Mr. Sanapo: Simply pay attention. Be aware during the tasting, connect your palate with your brain. It seems like simple and trivial advice, but in reality, the majority of coffee consumers approach coffee sort of like drinking medicine, drunk only to wake up. Most average consumers don’t treat coffee tasting as they might wine tasting, sipping and paying attention to its many nuances in aroma and flavor.

Ms. Segan: What defines a good, well-balanced cup of coffee?

Mr. Sanapo: I start with aroma, a very important aspect of coffee.  An intense and sweet aroma is often synonymous with good quality. After that, harmony of taste is fundamental—acidity, bitterness, and sweetness should work in total balance.

I love coffees with clear flavors. I like to describe to my customers ones that are easy to find, even for less trained palates. For example, if I say that the coffee I serve has hints of cinnamon and apple, these characteristics must be clear also for the customer. Yes, some coffee has those lovely flavors. If you have the chance, try ours; it’s called “El Diamante.”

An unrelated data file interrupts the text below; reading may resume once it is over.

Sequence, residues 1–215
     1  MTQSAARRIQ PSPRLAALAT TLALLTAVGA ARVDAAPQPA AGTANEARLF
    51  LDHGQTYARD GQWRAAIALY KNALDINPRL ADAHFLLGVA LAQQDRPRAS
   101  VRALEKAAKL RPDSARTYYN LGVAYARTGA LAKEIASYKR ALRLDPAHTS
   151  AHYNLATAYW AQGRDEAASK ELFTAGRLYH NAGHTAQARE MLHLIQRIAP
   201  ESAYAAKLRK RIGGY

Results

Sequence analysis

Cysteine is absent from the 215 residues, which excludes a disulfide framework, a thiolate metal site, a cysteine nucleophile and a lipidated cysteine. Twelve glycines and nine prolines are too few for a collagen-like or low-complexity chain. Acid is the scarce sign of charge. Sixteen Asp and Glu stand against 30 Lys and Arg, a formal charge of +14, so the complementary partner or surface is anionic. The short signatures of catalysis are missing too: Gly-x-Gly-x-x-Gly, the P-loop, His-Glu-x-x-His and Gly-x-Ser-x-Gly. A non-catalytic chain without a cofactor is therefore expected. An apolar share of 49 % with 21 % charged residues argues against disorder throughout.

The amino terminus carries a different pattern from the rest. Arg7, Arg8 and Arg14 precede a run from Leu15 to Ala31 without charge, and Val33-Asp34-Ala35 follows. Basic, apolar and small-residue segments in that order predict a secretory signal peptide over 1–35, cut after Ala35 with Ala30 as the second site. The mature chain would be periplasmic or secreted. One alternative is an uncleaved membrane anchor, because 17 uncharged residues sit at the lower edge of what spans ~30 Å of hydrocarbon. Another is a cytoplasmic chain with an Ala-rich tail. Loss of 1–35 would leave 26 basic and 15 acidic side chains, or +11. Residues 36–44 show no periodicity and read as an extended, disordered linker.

Ms. Segan: How should we average coffee drinkers find a variety we like?

Mr. Sanapo: Rely on real professionals, ask questions of baristas, seek out the latest generation of coffee shops. In short, look for and buy coffee in places where coffee is revered and not just a product on a store shelf.

Sanapo owns Ditta Artigianale, a café bar and micro-roastery in central Florence. His coffee beans are available online at DittaArtigianale.it and can be shipped anywhere in the world.

Francine Segan, a food historian and an expert on Italian cuisine, is a James Beard-nominated author of six cookbooks, including “Pasta Modern: New & Inspired Recipes from Italy” and “Dolci: Italy’s Sweets.”

Francine Segan
Francine Segan